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- The genus Hylaeus Fabricius in Central Asia (Hymenoptera: Apoidea: Colletidae). [Journal Article]
- ZZootaxa 2018 Nov 12; 4517(1):1-91
- All presently available information about bees of the genus Hylaeus F. in Central Asia is summarized. Seventy species are currently known from this area. Ten new species are described: Hylaeus gissar…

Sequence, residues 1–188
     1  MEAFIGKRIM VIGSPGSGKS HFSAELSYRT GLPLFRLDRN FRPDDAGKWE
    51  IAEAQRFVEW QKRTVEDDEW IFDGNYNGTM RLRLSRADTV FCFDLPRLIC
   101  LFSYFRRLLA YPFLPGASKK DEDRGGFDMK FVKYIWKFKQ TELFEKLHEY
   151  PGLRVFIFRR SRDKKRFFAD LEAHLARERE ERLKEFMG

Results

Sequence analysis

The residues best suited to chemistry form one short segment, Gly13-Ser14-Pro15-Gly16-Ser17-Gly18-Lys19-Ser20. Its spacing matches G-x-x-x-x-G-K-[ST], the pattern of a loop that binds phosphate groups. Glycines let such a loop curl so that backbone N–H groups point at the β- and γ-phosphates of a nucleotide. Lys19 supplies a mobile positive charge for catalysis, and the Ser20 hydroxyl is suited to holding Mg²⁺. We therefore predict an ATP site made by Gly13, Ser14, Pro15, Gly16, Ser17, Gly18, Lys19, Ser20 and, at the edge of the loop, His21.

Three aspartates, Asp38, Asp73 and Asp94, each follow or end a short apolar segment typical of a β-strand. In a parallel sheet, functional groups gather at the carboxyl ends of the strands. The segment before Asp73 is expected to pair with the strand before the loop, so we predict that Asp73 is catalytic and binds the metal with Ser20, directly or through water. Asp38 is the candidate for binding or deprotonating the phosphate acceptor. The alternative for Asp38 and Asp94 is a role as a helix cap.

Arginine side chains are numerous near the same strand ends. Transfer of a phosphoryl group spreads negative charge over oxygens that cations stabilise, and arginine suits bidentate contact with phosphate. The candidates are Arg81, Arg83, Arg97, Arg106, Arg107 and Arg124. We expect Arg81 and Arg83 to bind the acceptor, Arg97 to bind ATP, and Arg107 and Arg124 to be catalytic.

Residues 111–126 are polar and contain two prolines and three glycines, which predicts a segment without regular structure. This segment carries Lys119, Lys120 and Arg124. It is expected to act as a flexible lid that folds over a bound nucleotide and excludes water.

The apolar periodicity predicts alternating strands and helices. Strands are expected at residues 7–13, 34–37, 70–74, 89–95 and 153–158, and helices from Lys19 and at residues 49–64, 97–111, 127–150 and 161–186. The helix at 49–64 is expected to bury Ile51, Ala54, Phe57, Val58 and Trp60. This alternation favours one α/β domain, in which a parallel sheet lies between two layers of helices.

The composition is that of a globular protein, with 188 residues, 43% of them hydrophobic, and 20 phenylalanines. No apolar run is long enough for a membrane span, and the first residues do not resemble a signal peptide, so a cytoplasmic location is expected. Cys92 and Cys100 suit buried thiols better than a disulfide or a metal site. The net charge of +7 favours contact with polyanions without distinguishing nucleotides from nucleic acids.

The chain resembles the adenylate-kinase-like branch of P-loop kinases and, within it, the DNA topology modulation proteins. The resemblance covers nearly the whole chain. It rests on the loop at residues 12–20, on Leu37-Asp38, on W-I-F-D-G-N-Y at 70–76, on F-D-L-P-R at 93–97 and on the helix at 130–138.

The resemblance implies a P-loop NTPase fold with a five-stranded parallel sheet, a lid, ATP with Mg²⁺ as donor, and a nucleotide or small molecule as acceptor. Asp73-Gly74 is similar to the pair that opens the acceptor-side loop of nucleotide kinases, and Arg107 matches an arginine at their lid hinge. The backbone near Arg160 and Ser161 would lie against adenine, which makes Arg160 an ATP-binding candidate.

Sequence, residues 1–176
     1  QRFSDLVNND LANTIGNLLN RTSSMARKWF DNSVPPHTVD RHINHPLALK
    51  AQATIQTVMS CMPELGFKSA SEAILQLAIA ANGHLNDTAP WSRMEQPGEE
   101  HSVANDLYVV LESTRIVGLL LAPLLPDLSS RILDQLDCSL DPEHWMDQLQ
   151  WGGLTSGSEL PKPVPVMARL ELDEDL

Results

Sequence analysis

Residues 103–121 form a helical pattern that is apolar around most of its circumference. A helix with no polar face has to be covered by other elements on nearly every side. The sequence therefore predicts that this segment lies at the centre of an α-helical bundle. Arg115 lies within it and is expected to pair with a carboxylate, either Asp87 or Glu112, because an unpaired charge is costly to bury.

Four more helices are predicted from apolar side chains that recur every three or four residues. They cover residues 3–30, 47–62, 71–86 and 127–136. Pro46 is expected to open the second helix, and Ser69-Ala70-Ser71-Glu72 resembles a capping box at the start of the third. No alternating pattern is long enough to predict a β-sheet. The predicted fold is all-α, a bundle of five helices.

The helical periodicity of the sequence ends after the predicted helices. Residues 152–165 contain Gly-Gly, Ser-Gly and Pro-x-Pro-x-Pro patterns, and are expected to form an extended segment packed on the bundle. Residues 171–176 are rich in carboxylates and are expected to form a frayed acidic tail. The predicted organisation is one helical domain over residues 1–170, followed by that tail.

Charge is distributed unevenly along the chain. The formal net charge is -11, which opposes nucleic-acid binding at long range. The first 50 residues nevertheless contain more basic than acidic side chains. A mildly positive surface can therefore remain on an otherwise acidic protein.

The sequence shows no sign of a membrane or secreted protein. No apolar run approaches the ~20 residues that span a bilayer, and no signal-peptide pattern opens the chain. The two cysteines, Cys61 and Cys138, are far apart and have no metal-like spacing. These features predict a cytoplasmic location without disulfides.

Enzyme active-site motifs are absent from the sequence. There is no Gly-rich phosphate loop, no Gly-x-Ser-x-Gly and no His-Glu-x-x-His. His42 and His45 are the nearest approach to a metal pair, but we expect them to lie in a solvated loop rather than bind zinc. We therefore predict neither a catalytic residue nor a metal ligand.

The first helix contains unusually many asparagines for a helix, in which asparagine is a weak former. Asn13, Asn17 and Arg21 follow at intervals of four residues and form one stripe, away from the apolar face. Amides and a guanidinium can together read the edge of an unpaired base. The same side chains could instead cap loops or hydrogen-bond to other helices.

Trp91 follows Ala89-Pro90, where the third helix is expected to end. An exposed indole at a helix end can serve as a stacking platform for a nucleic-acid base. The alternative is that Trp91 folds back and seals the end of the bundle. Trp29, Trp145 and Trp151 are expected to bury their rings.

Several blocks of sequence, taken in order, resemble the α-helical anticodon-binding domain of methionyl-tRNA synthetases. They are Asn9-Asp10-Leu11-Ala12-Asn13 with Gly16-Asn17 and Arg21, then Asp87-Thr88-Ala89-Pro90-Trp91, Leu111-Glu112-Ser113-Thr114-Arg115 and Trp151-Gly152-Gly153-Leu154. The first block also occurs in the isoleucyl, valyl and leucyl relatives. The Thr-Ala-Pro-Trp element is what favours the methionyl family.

All presently available information about bees of the genus Hylaeus F. in Central Asia is summarized. Seventy species are currently known from this area. Ten new species are described: Hylaeus gissariensis Dathe Proshchalykin, sp. nov. (Tajikistan), H. karagandicus Dathe Proshchalykin, sp. nov. (Kazakhstan), H. kirgisicus Dathe Proshchalykin, sp. nov. (Kyrgyzstan), H. klausnitzeri Dathe Proshchalykin, sp. nov. (Kyrgyzstan), H. michaelis Dathe Proshchalykin, sp. nov. (Kyrgyzstan), H. murgabensis Dathe Proshchalykin, sp. nov. (Tajikistan), H. pamirensis Dathe Proshchalykin, sp. nov. (Tajikistan), H. petzi Dathe Proshchalykin, sp. nov. (Tajikistan), H. piotris Dathe Proshchalykin, sp. nov. (Uzbekistan, Kyrgyzstan, Turkmenistan, Tajikistan), and H. rushanicus Dathe Proshchalykin, sp. nov. (Uzbekistan, Tajikistan). In addition, the male of H. punctiventris Morawitz, 1876 is described for the first time.-Twenty species are newly recorded from Central Asia: Hylaeus alexandrinus (Warncke, 1992), H. annulatus (Linnaeus, 1758), H. araxanus (Warncke, 1981), H. brevicornis Nylander, 1852, H. cardioscapus Cockerell, 1924, H. dorni Dathe, 1986, H. gredleri Förster, 1871, H. kozlovi Dathe Proshchalykin, 2016, H. leleji Proshchalykin Dathe, 2016, H. lineolatus (Schenck, 1861), H. longimaculus (Alfken, 1936), H. mellon Dathe Proshchalykin, 2016, H. meridionalis Förster, 1871, H. moricei (Friese, 1898), H. nimbatus Dathe, 1986, H. paulus Bridwell, 1919, H. pesenkoi Proshchalykin Dathe, 2016, H. rugicollis Morawitz, 1874, H. stubbei Dathe, 1986 and H. tsingtauensis (Strand, 1915).-New synonymy has been established for Hylaeus arenarius Morawitz, 1876 (= Prosopis cinerea Warncke, 1992, syn. nov.), Hylaeus ferghanicus Morawitz, 1876 (= H. kuhlmanni Dathe, 2010, syn. nov.) and Hylaeus punctiventris Morawitz, 1876 (= H. atrocallosus Morawitz, 1893, syn. nov.). Hylaeus (Nesoprosopis) alexandrinus (Warncke, 1992) and Hylaeus (Prosopis) stellatus (Warncke, 1992) are introduced as new combinations.-Keys to most species known from Central Asia are provided.